Continue another 50 more yards and you are on the west end of the pond to the north; the trail ends here. There is another feeder on the last house to the south which can be good for Pine Siskin and Evening Grosbeak. The taller trees along the creek and the wide mix of bushes provide good habitat of a lot of different species. Nuthatches can sometimes be heard from here and there always seem to be a few sparrows in the brush. The 4 ponds at Emma Jones are very interesting to dragon and damselflies in the warmer months, in particular when the temperature heats up during the day. Being a relative rookie at odonate identification, I was able to confirm 15 species there in 2010. The best spot is probably at the water's edge right here where the trail ends.
 
Once back at the parking lot, cross NE 15th Ave and quickly check the pond. The traffic noise can be bad here. Canvasback can show up here in fall and there typically are 5-7 species of waterfowl present during the winter season. A Black Phoebe set up shop here for almost 3 weeks in September 2010. Swallows are usually easy to watch here, mostly including Barn and Violet-Green, but watch for the occasional Cliff and Northern Rough-winged. Killdeer breed on the Intel gravel lot to the west of the pond.
 
Let me know what you see if you go. Contact Stefan at greenfant@hotmail.com for questions, comments and reports of uncommon birds for the site. The checklist for the park is on eBird.
 
Stefan Schlick
Hillsboro, OR

Monday, July 18, 2016

South Saddle Mountain

Originally by Greg Gillson, updated by Stefan Schlick

General directions: From Banks, 15 miles west on Hwy 6 to mile post 33 at the summit of the Coast Range. From there south 9 miles on gravel roads.

Turn off Hwy 6 on Saddle Mountain Road/Beaver Dam Road. (You now enter Tillamook County). There are mileage markers posted every 0.5 miles. Each intersection is marked with a stake with road names. Some maps call the entrance Beaver Dam, some call it Saddle Mountain. Make an immediate right and then another right at the next T. Follow this well graded road and turn left at the 8.5 mile marker after a right curve. Stay on the main road until you get to an intersection with an island that has some roots in it. If you follow left, you will get to the saddle. You can then walk up the remaining 0.5mi to the tower along the gated access road (west), the overlook towards the Tualitin Valley (east) or walk downhill to explore the clearcuts below (there is excellent birding here!).

Habitats: Douglas-fir and western hemlock forests, turning to a few noble fir at the top of Saddle Mountain (3500 feet elevation).

Season: Late spring and summer. The area needs to be explored in fall for rosy-finches.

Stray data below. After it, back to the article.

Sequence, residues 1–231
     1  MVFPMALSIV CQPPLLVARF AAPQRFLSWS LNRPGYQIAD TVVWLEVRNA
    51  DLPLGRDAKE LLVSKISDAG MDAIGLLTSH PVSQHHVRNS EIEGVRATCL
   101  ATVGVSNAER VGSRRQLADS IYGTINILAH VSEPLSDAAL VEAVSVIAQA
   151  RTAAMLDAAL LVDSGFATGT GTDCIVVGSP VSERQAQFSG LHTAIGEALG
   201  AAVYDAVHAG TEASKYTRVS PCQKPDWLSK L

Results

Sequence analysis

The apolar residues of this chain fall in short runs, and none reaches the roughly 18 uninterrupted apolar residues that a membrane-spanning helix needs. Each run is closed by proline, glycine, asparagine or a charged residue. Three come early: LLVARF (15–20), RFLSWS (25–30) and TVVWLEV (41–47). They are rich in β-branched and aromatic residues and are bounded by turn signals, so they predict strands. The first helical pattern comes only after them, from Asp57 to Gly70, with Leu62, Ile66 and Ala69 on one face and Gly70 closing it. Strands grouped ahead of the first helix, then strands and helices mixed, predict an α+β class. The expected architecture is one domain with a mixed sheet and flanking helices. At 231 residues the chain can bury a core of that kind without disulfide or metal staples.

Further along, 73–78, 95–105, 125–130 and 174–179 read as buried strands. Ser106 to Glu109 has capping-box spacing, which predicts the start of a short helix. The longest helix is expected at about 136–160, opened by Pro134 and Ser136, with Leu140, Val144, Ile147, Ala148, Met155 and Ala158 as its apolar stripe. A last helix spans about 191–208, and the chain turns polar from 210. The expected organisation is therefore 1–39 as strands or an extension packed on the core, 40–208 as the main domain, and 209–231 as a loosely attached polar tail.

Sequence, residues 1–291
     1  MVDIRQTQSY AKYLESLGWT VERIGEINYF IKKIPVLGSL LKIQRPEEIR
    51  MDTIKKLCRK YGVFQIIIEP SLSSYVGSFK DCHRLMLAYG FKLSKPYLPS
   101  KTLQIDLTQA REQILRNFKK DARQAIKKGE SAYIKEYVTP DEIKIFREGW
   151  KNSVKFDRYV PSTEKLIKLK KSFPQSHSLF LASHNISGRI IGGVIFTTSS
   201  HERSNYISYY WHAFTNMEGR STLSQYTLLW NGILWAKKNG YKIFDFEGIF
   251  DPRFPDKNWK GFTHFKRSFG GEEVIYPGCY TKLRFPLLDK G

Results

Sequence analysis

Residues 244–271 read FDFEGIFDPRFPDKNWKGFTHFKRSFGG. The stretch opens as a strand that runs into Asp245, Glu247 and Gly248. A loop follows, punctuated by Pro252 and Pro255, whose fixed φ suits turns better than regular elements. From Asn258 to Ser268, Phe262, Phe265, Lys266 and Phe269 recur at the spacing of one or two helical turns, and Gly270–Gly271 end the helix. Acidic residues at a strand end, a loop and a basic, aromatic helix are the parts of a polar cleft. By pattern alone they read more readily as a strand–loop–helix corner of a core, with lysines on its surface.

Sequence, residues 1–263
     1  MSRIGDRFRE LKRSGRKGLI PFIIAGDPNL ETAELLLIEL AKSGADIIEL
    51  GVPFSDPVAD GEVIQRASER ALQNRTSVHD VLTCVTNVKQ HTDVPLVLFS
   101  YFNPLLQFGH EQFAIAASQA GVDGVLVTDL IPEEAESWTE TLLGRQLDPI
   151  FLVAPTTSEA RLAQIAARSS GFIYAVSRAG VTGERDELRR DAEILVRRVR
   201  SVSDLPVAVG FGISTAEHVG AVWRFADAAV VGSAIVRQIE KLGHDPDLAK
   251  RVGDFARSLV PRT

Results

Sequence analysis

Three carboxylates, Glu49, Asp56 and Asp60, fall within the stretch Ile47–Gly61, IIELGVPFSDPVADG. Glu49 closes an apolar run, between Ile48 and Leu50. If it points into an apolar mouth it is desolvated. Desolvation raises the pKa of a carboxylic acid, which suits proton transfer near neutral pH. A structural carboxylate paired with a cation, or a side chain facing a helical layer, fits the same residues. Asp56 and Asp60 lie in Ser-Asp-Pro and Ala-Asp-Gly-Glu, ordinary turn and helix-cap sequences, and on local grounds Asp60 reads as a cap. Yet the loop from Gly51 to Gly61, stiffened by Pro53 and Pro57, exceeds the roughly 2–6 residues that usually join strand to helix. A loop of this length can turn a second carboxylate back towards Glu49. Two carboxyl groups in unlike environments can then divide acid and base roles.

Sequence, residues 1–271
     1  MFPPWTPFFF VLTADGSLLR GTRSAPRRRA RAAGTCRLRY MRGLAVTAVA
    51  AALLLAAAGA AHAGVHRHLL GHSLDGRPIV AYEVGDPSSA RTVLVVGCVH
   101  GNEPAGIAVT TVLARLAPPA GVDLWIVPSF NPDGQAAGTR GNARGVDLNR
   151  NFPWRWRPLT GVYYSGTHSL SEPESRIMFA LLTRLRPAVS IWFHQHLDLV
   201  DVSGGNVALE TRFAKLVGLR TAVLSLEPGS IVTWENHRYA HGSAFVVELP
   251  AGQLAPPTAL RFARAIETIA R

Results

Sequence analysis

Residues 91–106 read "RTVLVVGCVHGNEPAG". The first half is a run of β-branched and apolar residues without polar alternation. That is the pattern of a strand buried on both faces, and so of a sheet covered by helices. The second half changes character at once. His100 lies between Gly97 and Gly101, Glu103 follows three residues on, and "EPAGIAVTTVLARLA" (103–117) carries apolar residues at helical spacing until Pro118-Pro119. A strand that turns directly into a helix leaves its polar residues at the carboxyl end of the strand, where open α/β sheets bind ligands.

Targets: This highest point in Washington County has forest birds similar to other lower forests. Nesting birds include Hermit Warbler, Sooty Grouse, Band-tailed Pigeon, Hammond's Flycatcher, Townsend's Solitaire and Mountain Quail. Other birds possible (including anywhere on the drive in) include Gray Jay, Hairy Woodpecker, Western Bluebird, Olive-sided Flycatcher.

Comments: The walk to the summit is a reliable place for Hammond's Flycatcher; they are common and usually calling into mid July. Mountain Quail has gotten more common in the clearcuts near the top. There is usually a Sooty Grouse territory in the first tall trees on the left hand side on the way up to the tower.

Hazards: Roads can be rough, though usually fine for most low-clearance passenger vehicles. Carry cell phone and maps. Carry water.

This is a popular motorcycle and off-highway vehicle recreation area. Do not come on a holiday. Watch for racing motorcycles. Another nuisance is target shooting. The last half mile of road is usually quiet, as is the walk up the hill.

Facilities: No rest rooms. No food or water. Nearest gasoline 25 miles in Banks, also towards Tillamook about equal distance.

County Big Years and Big Days



Top Washington County Year Lists
Species #ObserverYear
199Greg Gillson2010
199Greg Gillson2012
194Steve Nord2012
191Greg Gillson2004
188John F. Gatchet1984
187Joe Evanich1987
184John F. Gatchet1983
181Joe Evanich1991
181Greg Gillson2007
180Greg Gillson2006
176Joe Blowers2012
174Verda Teale1983
174Donna Lusthoff1987
172Greg Gillson2011
171Verda Teale1984
171Phil Kahler2012
170John F. Gatchet1982
170Greg Gillson2003
170Joe Blowers2010


County Big Day records
SpeciesDateObserver(s)
1275/8/2013Greg Gillson, Joe Blowers
1245/5/2007John Gatchet, Mike & MerryLynn Denny
1234/29/2006Greg Gillson, Tim Shelmerdine, Jay Withgott
1191983 or 84?John Gatchet, Verda Teale
1194/28/2007Greg Gillson
1105/15/1993Greg Gillson

Finding specialty birds in Washington Co

By Stefan Schlick

Ruffed Grouse - Johnson Rd, near Timber